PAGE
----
Ritesh will also be speaking at the Healthcare Marketing Summit brought to you by Ogilvy CommonHealth Worldwide and Econsultancy, which takes place in New York on September 24.

What makes it unique to be a healthcare marketer?

The modern healthcare marketer has to combine the knowledge and skills of marketing, brand building and customer experience, as well as work within a highly regulated environment and navigate the new media landscape that most other marketers in industries like consumer goods take for granted.

This combination of highly regulated promotion with the almost semi-regulated digital world is colliding, and healthcare marketers need to navigate these turbulent waters in their daily lives.

Healthcare has a reputation as a very slow moving and traditional industry, are digital changes exciting or frustrating for healthcare marketers?

I think digital goes in waves. Between 2008 and 2011, the big thing was social and how healthcare could embrace social. Lots of activity, many gatherings, conferences, etc, and what did we do? Not much! So it’s both exciting and immensely frustrating.

We still see marketers spending $200,000 on an e-detail for the rep who has two minutes with the doctor, before they will look at other digital channels or multiple channels to connect the brand and the product to the customer.

Some companies embrace and explore digital and drive forward, but the majority are still slow in adopting the digital marketing tools that other industries use as a normal part of their day.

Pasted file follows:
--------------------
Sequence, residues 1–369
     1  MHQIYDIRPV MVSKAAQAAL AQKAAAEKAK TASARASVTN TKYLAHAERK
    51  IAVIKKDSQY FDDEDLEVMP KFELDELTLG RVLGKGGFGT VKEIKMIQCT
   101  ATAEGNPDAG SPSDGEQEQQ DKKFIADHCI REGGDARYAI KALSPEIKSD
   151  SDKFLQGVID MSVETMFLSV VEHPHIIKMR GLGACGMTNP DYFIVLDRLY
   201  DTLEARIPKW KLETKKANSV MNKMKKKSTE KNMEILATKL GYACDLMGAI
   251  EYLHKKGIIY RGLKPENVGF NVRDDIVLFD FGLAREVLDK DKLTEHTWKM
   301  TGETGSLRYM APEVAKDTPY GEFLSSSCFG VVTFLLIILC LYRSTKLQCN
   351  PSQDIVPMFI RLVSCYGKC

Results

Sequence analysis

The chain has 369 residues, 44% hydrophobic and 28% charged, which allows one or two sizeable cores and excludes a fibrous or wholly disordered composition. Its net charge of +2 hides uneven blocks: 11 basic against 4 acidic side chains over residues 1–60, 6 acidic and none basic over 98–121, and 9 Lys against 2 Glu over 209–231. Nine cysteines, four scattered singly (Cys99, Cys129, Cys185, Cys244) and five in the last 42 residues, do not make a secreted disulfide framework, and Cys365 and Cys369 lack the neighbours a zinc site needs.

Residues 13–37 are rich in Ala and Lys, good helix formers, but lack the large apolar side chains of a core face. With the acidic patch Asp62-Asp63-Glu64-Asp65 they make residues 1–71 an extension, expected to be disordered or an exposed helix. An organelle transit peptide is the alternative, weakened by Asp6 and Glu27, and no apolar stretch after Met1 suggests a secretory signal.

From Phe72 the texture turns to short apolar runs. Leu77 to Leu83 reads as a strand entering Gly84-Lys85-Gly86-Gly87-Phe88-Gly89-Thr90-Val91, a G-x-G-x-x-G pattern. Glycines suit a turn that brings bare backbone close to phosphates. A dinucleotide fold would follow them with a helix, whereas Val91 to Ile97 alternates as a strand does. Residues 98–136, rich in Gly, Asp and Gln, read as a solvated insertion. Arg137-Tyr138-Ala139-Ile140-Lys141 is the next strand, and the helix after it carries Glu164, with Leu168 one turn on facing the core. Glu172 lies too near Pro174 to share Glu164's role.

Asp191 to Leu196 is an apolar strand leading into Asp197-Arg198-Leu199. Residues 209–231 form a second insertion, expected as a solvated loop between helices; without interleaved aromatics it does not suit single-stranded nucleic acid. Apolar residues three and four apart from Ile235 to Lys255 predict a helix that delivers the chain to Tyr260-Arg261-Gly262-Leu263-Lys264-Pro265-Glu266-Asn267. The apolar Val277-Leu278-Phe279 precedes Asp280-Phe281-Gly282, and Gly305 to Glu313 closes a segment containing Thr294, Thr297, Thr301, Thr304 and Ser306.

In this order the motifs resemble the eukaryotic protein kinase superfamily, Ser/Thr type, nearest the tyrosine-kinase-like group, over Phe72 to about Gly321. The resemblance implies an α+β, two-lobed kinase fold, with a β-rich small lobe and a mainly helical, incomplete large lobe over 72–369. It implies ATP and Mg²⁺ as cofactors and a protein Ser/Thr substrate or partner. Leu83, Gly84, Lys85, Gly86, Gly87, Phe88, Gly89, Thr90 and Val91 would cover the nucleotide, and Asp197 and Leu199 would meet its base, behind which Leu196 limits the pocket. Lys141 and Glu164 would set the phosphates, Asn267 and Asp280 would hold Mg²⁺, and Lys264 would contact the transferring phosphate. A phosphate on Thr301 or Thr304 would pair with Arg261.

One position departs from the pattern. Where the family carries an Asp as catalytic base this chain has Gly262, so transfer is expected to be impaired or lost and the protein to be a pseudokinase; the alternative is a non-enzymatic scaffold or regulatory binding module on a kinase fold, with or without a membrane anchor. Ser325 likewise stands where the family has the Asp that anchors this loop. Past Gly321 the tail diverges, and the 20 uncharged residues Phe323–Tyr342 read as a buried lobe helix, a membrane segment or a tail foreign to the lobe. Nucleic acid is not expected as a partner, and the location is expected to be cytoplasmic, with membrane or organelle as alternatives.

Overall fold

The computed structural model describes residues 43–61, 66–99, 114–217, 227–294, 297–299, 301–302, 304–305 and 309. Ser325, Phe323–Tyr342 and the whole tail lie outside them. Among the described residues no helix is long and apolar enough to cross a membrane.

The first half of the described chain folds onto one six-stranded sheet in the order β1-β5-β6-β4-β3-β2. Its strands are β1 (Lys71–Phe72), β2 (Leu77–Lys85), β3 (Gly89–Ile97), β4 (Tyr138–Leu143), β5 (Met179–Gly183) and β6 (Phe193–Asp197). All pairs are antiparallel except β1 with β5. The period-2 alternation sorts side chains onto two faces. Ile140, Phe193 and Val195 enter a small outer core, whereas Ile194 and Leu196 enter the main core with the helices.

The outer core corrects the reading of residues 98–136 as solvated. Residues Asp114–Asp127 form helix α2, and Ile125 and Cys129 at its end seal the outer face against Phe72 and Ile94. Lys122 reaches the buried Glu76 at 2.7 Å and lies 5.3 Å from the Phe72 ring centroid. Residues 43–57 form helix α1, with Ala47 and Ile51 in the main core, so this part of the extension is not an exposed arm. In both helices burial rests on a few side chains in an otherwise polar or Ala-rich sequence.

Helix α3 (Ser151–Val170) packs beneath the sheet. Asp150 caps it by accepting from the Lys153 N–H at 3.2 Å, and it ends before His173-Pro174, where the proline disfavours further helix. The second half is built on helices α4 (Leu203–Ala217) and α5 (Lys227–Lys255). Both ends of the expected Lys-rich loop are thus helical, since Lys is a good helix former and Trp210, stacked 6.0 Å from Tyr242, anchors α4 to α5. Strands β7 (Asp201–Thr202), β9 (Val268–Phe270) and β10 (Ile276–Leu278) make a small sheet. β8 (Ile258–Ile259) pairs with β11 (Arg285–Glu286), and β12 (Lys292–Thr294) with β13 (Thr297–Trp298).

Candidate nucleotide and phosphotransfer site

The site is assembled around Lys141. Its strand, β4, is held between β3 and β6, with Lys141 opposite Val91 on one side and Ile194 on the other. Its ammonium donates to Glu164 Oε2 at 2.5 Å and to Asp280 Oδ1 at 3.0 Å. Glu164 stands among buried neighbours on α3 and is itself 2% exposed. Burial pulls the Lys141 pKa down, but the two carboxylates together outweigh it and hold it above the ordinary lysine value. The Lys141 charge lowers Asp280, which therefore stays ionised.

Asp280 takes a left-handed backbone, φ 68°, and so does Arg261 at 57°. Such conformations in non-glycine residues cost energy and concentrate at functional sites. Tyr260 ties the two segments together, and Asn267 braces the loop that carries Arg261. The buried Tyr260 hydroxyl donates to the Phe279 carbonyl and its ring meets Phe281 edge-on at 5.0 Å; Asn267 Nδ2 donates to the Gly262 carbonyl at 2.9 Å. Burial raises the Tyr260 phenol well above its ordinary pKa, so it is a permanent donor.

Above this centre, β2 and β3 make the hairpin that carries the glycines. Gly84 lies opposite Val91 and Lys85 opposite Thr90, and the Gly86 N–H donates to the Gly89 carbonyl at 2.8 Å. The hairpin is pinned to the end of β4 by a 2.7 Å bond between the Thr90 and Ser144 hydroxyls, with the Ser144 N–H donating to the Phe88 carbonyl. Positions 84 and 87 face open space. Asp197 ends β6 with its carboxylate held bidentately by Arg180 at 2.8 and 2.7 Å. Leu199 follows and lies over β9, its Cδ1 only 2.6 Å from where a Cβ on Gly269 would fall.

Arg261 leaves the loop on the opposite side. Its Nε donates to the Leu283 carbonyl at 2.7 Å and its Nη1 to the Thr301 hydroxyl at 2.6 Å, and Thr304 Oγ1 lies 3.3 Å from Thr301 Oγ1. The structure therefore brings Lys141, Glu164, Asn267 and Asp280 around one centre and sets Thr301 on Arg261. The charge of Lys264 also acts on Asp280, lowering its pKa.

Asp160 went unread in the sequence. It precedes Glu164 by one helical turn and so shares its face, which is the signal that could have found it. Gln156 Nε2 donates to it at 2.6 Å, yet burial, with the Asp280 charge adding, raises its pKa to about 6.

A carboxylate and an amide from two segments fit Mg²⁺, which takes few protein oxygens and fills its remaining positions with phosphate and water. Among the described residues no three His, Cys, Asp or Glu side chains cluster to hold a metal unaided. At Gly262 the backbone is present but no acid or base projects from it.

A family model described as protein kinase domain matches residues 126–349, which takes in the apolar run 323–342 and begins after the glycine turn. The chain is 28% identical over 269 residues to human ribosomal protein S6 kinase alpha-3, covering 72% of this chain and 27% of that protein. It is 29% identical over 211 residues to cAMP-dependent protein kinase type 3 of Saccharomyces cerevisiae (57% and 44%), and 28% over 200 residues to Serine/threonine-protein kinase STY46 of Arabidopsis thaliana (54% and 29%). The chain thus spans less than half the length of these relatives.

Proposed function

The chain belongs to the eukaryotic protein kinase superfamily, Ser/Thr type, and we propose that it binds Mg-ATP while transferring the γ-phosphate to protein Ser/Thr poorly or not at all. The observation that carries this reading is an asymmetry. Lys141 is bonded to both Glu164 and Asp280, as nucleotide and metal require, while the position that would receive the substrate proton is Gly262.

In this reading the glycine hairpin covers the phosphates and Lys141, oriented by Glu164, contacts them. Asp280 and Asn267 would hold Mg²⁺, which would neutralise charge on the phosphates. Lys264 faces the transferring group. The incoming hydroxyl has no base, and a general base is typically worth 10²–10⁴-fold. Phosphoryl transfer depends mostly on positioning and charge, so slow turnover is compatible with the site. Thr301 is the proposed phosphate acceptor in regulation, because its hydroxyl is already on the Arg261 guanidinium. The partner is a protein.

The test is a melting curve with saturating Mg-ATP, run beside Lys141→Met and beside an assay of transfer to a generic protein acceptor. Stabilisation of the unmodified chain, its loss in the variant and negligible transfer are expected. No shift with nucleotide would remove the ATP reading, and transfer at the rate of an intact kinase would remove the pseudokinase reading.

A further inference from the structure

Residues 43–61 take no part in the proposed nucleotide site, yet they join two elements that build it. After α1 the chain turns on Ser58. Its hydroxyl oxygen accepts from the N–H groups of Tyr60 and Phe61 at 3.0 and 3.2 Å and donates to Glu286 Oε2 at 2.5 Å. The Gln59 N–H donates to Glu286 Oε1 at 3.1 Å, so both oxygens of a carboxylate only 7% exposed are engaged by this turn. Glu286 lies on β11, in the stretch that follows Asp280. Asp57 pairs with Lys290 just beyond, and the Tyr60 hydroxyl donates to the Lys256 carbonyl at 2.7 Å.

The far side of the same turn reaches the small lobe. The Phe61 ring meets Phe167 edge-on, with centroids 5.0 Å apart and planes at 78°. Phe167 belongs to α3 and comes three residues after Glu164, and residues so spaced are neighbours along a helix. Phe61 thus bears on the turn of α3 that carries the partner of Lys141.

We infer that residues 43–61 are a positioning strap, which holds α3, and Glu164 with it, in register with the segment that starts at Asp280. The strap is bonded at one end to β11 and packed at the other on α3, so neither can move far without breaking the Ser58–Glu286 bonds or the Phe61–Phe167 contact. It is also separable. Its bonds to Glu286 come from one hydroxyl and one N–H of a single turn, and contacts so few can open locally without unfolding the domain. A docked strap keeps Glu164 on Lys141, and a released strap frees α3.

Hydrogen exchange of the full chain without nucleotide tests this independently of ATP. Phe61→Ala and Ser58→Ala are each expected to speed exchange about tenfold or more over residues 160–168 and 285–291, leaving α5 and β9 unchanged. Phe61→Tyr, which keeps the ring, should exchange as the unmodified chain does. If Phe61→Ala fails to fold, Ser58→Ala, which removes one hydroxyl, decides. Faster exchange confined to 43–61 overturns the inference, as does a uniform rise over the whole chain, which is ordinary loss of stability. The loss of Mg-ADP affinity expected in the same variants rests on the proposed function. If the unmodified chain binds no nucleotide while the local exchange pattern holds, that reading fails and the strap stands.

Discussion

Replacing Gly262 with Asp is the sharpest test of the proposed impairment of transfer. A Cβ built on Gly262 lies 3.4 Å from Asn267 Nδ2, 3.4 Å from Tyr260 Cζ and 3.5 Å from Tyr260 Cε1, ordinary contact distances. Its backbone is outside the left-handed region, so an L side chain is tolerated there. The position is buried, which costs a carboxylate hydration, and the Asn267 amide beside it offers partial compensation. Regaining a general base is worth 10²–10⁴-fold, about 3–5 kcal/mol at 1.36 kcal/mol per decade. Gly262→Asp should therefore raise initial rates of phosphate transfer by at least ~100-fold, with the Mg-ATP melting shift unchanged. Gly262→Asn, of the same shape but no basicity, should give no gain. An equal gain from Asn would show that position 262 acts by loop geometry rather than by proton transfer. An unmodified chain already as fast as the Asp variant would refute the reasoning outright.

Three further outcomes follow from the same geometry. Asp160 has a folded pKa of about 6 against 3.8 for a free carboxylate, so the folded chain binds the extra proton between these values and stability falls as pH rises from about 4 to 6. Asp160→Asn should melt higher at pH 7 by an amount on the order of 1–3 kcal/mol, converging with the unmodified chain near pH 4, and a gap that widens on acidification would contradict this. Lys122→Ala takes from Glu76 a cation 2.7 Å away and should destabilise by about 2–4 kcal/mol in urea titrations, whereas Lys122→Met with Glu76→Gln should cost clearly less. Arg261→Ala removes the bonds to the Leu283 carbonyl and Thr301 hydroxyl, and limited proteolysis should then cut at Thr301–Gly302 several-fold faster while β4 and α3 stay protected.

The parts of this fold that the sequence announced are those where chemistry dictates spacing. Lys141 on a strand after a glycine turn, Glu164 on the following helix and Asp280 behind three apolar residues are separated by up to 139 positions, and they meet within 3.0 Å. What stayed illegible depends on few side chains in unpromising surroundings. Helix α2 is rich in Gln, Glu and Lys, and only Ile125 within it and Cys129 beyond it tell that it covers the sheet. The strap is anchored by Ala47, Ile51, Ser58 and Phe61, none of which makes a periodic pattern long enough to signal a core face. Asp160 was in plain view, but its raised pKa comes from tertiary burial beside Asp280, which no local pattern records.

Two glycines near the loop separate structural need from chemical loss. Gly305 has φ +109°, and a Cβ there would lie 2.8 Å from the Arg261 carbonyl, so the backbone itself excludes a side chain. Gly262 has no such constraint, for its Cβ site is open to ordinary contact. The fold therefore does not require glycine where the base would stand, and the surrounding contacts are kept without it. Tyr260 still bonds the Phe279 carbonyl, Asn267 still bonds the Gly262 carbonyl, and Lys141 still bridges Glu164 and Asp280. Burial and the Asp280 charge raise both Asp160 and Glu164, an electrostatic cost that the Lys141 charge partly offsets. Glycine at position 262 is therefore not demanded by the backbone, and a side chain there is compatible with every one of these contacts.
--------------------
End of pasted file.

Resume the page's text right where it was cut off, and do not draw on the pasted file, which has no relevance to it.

From the marketer’s perspective, what’s the single biggest change that consumer digital has brought to the industry?

Patient communities and the empowered patient is the single biggest change. Patients, the people who take the medicines the marketers are promoting, are now more empowered and have more information than they ever did. This is causing all sorts of consternation as gone are the days where you can run a DTC campaign on TV and hope for the best.

TV is merely one channel, albeit diminishing, that patients now have access to, and while that is good to build a brand and raise awareness, it is not enough to engage with the patient in a meaningful, relevant and contextual manner.

Content, social, mobile, video, and most importantly search play a major role in the patient’s world.

There seems to be more useful data in healthcare than almost any other industry, but it’s also bound by more regulation. How do marketers balance lawyers and find a solid middle ground? Are there practical standards and guidelines?

HIPAA was created for a reason, and there is a very safe and manageable way to work with data without violating the HIPAA rules. But this requires a bit of work, with some data experts in the area of managing data and using it for marketing purposes. People are things healthcare marketers do not have ready access to, so the failsafe is to say, “No, I don’t want to go near this.”